[tex]\left[\begin{array}{ccc}1 & 2 & 3 \\0 & 5 & 6 \\ 0 & 6 & 5\end{array}\right][/tex]
    but you asked how to find [1 0 0] as an eigenvalue of
    [tex]\left[\begin{array}{ccc}2 & 2 & 3 \\0 & 6 & 6 \\ 0 & 6 & 6\end{array}\right][/tex]
    and it isn't! Did you miscopy?

    I think people may be trying to give you too "sophisticated" answers when your questions are really very simple. I must say I found your original question very peculiar! you had done the hard part, found that the eigenvalue equation was [itex](\lambda- 1)((\lambda- 5)^2- 36)= 0[/itex] and apparently were asking how to solve that equation! If you are doing linear algebra you should have learned how to solve polynomial equations, especially those that are already factored, long ago! In order to have that product, [itex](\lambda- 1)((\lambda- 5)^2- 36)[/itex] equal to 0, you must have either [itex]\lambda- 1= 0[/itex] or [itex](\lambda-5)^2- 36[/itex] equal to 0. From [itex]\lambda- 1= 0[/itex] we get, of course, [itex]\lamba= 1[/itex]. From [itex](\lambda- 5)^2- 36= 0[/itex] we get [itex](\lambda- 5)^2= 36[/itex] so [itex]\lambda- 5= \pm 6[/itex]. [itex]\lambda= 5+ 6= 11[/itex] or [itex]\lambda= 5- 6= -1[/itex].

    Now to find the corresponding eigenvectors, just do the computation:
    For [itex]\lambda= 1[/itex], for example,
    [tex]\left[\begin{array}{ccc}1 & 2 & 3 \\0 & 5 & 6 \\ 0 & 6 & 5\end{array}\right]\left[\begin{array}{c}a \\ b \\ c\end{array}\right]= \left[\begin{array}{c} 1*a \\ 1*b \\ 1*c\end{array}\right][/tex]

    Multiply that out and you get 3 equations for a, b, c:
    a+ 2b+ 3c= a, 5b+ 6c= b, and 6b+ 5c= c, or 2b+ 3c= 0, 4b+ 6c= 0, 6b+ 4c= 0. Three independent equations in 3 variables will have ONE solution: obviously a= b= c= 0 is a solution. Since 1 is an eigenvalue, this must have non-trivial solutions and so an infinite number of solutions: the equations must not be independent. In fact, a has disappeared from the equations so a can be anything. Notice that 4b+ 6c= 2(2b+ 3c) so 2b+ 3c= 0 and 4b+ 6c= 0 are really the same equation. But we can still solve 2b+ 3c= 0 and 6b+ 4c= 0, to get b= c= 0. Any eigenvector is of the form [a 0 0]= a[1 0 0].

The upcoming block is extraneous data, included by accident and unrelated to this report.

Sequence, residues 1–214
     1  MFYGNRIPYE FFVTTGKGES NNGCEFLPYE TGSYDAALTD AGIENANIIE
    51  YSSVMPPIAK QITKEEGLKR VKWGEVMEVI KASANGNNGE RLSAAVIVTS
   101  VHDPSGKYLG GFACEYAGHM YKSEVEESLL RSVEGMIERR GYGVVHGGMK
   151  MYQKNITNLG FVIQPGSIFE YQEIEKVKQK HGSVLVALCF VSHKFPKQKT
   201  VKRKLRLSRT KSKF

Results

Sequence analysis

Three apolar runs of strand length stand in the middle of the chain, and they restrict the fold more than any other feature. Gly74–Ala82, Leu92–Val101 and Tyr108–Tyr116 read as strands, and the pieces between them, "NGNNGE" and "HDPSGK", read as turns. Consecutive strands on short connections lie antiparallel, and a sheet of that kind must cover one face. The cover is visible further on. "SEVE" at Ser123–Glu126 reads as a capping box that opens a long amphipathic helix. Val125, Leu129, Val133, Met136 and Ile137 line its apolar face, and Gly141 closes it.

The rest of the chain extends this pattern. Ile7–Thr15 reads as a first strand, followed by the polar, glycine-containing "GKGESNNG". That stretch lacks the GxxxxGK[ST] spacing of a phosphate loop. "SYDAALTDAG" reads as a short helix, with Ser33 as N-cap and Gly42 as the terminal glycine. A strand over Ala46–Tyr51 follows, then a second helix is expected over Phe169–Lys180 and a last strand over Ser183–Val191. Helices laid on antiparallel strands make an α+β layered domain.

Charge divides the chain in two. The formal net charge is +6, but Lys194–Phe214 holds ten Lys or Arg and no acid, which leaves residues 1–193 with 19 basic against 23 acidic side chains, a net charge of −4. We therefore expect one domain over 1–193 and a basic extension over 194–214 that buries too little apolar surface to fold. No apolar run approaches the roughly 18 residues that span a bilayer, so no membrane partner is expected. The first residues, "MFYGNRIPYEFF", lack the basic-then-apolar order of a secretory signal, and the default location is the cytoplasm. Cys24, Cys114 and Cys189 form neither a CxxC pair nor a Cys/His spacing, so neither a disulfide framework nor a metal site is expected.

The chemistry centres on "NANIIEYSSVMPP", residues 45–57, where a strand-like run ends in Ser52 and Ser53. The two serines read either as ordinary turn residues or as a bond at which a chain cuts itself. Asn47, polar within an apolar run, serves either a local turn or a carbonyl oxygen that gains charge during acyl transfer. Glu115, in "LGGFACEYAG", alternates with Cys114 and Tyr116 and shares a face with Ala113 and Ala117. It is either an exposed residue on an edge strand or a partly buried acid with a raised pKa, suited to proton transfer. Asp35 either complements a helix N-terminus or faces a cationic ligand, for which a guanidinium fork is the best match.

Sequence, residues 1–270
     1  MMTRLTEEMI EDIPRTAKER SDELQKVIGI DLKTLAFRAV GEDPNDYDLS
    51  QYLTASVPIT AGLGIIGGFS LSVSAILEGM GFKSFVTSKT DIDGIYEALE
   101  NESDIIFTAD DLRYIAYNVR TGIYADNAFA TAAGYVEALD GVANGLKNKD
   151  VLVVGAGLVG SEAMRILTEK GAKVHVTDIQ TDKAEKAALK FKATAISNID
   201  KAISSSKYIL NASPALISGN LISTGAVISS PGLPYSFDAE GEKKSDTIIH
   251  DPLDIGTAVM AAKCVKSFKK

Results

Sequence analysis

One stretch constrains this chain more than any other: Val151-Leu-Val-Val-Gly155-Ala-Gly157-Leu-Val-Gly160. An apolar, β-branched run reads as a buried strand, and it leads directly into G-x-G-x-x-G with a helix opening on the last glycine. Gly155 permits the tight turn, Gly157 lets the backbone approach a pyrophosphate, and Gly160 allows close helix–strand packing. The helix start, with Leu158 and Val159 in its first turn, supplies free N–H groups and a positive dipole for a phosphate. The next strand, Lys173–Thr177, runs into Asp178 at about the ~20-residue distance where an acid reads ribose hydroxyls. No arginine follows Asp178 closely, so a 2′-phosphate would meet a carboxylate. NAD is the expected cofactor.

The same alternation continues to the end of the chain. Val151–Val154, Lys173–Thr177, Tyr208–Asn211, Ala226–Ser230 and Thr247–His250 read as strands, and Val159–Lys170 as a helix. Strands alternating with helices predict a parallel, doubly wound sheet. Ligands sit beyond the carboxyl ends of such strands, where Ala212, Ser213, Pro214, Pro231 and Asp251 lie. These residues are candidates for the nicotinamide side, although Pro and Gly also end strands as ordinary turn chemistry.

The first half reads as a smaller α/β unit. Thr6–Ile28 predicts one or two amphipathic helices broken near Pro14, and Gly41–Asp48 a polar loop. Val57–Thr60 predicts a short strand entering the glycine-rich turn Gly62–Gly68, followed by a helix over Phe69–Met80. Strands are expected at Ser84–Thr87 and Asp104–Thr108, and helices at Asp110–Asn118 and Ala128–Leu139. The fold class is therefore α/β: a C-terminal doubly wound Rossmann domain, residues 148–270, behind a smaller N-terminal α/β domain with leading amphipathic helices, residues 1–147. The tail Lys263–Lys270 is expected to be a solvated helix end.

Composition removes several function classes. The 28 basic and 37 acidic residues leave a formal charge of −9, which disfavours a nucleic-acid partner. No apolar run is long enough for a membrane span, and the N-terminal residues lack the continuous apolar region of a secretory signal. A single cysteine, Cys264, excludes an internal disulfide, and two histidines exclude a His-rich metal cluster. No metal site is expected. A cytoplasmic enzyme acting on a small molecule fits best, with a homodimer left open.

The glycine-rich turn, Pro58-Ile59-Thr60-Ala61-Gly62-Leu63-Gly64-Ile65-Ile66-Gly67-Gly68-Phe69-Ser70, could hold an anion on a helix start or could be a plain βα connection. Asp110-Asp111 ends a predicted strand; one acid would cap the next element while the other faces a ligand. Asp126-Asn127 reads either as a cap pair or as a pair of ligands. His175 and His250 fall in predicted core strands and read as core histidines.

Similarly for the other eigenvalues. If [itex]\lamba= -1[/itex] then the matrix equation becomes
    [tex]\left[\begin{array}{ccc}1 & 2 & 3 \\0 & 5 & 6 \\ 0 & 6 & 5\end{array}\right]\left[\begin{array}{c}a \\ b \\ c\end{array}\right]= \left[\begin{array}{c} -1*a \\ -1*b \\ -1*c\end{array}\right][/tex]
    Multiplying that out gives a+ 2b+ 3c= -a, 5b+ 6c= -b, and 6b+ 5c= -c, or 2a+ 2b+ 3c= 0, 6b+ 6c= 0, 6b+ 6c= 0. (Was that where you got that matrix before?) Obviously the last two equations are the same: b= -c. Putting that into the first equation, 2a+ 2b- 3b= 0 gives b= 2a. Any eigenvector, corresponding to eigenvalue -1 is of the form [a, 2a, -2a]=
    a[1, 2, -2].

    For [itex]\lambda= 11[/itex] it is
    [tex]\left[\begin{array}{ccc}1 & 2 & 3 \\0 & 5 & 6 \\ 0 & 6 & 5\end{array}\right]\left[\begin{array}{c}a \\ b \\ c\end{array}\right]= \left[\begin{array}{c} 11*a \\ 11*b \\ 11*c\end{array}\right][/tex]
    Multiplying, a+ 2b+ 3c= 11a, 5b+ 6c= 11b, and 6b+ 5c= 11c, or -10a+ 2b+ 3c= 0, -6b+ 6c= 0, 6b- 6c= 0. Again, the last two equations are equivalent and give b= c. Putting that into the first equation, -10a+ 2b+ 3b= 0 gives -10a+ 5b= 0 or b= -2a. Any eigenvector corresponding to [itex]\lambda= 11[/itex] must be of the form [a, -2a, -2a]= a[1, -2, -2].

    To answer your last question, "normalizing" a vector means reducing it to unit length: find the length of the vector and divide each component by that. [1 0 0] already has length 1 and is already normalized. [1 2 -2] has length [itex]\sqrt{1^2+ 2^2+(-2)^2}= \sqrt{9}= 3[/itex]. The unit vector in the direction of [1 2 -2] is [itex]\left[\begin{array}{ccc}\frac{1}{3} & \frac{2}{3} & -\frac{2}{3}\end{array}\right][/itex]. [1 -2 -2] also has length 3 and a unit vector in its direction is [itex]\left[\begin{array}{ccc}\frac{1}{3} & -\frac{2}{3} & -\frac{2}{3}\end{array}\right][/itex].
     
  26. Nov 29, 2006 #25
    The above answer is pretty good. But if you preform row operations on the matrix:
    [0 2 3 : 0]
    [0 4 6 : 0]
    [0 6 4 : 0]
    you get:
    [0 2 3 : 0]
    [0 0 0 : 0]
    [0 0 -5 : 0]
    from this you get:
    -5c = 0
    c=0

    2b+3c=0
    b=0

    x is a free variable, so a = s

    you then get:

    s x [1]
    [0]
    [0]
    The vector:
    [1]
    [0]
    [0]

    is a bisis for the eigenspace of A corresponding to lamda=1
     
    Last edited: Nov 30, 2006